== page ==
Where’s China getting all this gold? A good part of it is surging gold exports from the United States, as physical gold moves from Western ETFs into Asian vaults.
Beijing must be getting close to their secret goals for sovereign gold reserves, because they have announced a plan to link the Hong Kong and Shanghai gold exchanges, in order to wield more power over the global gold price. This ties in with Eric Sprott’s forecast that we will see the U.S. dollar lose its dominance as the world’s reserve currency and see currencies backed by gold in ten years.
The Austrian government is getting antsy over the security of their gold held in the Bank of England and have been unwinding leasing agreements in order to repatriate Austrian gold reserves from London. Speaking of European gold repatriation, here’s a nice story regarding the man who forced the Bundesbank to start repatriating Germany’s gold.
The World Gold Council reports that the world’s central banks bought 477.2 metric tons of gold in 2014, making it the second-highest year for central bank gold buying in 50 years. (Full report on global gold demand can be found here.) More and more central banks are trying to diversify away from the U.S. dollar.
Grab a cup of coffee, and read through this excellent article, called “Misconceptions About Gold (Gold is Money, sort of)” Here’s an excerpt:
“Given that gold has no yield, fiat currencies can only compete with it by offering an interest return. The steepness of the yield curve affects gold for two possible reasons: it can either steepen because loose monetary policy is pushing short term rates down, or because rising inflation expectations are pushing long term rates up – both are bullish for gold (conversely, the opposite is bearish for gold). Credit spreads are an indicator of economic confidence. If lower rated debt declines relative to higher rated debt, it indicates declining economic confidence, which is bullish for gold.”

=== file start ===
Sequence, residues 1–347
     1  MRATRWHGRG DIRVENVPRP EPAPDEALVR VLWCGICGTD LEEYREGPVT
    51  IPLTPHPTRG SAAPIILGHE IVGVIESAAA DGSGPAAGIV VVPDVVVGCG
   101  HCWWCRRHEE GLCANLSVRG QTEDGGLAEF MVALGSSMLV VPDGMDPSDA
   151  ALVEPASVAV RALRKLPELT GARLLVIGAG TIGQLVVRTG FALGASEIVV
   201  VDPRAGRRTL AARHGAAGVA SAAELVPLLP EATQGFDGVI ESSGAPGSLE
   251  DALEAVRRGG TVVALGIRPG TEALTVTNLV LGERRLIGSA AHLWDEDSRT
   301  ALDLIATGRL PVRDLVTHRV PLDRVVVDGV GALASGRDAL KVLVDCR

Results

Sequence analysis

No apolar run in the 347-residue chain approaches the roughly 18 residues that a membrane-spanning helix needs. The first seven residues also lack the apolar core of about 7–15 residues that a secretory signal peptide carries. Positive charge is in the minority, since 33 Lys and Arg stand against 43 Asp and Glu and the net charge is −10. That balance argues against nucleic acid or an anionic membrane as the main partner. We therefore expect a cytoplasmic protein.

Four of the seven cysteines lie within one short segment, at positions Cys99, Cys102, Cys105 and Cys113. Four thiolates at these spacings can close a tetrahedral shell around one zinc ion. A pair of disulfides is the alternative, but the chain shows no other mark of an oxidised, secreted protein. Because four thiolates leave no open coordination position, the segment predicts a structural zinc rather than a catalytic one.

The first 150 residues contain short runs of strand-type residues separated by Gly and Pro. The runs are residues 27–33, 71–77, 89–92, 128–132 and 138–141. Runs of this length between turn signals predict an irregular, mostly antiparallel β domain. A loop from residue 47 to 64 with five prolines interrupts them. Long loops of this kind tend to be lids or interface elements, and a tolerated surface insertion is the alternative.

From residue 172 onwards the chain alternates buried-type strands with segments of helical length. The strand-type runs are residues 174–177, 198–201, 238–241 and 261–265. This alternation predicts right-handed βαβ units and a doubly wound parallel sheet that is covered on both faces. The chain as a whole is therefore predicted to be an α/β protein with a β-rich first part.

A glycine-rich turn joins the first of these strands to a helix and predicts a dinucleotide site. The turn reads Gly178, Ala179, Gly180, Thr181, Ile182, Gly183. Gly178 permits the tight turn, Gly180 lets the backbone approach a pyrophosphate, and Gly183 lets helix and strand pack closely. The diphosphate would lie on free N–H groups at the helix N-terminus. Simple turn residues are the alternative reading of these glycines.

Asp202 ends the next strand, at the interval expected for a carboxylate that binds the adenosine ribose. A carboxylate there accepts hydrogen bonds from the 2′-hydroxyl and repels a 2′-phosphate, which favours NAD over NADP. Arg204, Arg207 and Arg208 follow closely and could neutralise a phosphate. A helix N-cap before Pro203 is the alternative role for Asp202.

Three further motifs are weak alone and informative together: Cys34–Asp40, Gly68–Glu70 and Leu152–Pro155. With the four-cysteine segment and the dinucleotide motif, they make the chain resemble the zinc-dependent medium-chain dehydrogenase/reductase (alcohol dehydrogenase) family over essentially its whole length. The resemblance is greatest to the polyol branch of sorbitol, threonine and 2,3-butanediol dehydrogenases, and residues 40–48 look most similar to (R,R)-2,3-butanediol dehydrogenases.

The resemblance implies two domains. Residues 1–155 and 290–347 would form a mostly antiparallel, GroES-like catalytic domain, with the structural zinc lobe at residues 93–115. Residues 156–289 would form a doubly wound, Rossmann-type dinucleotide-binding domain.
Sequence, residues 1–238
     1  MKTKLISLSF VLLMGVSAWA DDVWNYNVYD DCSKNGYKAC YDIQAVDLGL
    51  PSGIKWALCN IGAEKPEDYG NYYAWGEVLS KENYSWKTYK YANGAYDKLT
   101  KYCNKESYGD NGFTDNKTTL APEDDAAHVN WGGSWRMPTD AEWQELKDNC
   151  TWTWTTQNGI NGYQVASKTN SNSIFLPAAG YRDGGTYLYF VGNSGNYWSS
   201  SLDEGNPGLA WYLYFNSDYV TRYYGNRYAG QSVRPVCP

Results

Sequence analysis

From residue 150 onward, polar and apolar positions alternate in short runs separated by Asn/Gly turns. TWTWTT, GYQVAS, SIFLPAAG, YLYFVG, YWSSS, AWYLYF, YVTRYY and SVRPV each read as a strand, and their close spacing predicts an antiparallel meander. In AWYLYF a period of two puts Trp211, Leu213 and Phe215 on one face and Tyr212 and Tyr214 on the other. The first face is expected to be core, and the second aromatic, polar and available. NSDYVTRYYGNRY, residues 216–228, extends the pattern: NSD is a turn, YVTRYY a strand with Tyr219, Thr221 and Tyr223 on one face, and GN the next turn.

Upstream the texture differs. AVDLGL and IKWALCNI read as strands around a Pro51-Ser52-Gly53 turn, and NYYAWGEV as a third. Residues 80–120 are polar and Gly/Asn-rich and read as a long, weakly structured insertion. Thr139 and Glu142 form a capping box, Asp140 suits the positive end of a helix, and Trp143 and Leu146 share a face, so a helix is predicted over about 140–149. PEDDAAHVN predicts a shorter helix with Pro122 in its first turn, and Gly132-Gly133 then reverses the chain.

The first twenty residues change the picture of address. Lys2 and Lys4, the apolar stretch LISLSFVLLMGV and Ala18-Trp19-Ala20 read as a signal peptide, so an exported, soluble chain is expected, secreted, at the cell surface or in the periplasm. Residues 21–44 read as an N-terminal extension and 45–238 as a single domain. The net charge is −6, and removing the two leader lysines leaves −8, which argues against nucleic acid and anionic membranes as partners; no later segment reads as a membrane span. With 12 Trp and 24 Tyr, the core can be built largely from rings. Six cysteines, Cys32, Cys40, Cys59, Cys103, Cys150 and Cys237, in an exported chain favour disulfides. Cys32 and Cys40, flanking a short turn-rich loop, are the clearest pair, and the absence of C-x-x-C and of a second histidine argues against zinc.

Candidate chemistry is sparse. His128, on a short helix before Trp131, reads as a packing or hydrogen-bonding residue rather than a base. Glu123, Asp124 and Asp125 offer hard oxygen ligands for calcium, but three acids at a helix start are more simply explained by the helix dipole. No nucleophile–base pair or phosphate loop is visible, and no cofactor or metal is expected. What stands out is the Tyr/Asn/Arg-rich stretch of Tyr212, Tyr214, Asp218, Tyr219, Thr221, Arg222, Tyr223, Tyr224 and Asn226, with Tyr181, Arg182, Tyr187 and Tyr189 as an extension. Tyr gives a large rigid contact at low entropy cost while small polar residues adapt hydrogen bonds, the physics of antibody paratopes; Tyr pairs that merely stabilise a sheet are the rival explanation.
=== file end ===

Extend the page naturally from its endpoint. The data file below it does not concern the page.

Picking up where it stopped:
Looking at recent mine production numbers, Mineweb wonders: “Have we hit Peak Silver?”
Election turmoil in UK this spring may result in U.S. being the only “safe haven” economy in the world, driving stock prices and the dollar even higher, which will trigger interest rate hikes by the Fed to counter the “hot money”. Higher interest rates will mean higher bond yields, attracting more money.
In June, Greece should be running out of money, and the Fed will be on the cusp of raising interest rates. Extra attention, if that’s possible, will be paid to the March FOMC meeting.
We end this month with a story that shows that central bankers are so corrupt, they even steal from themselves.
– Steven Cochran is the Content Manager/Editor for Gainsville Coins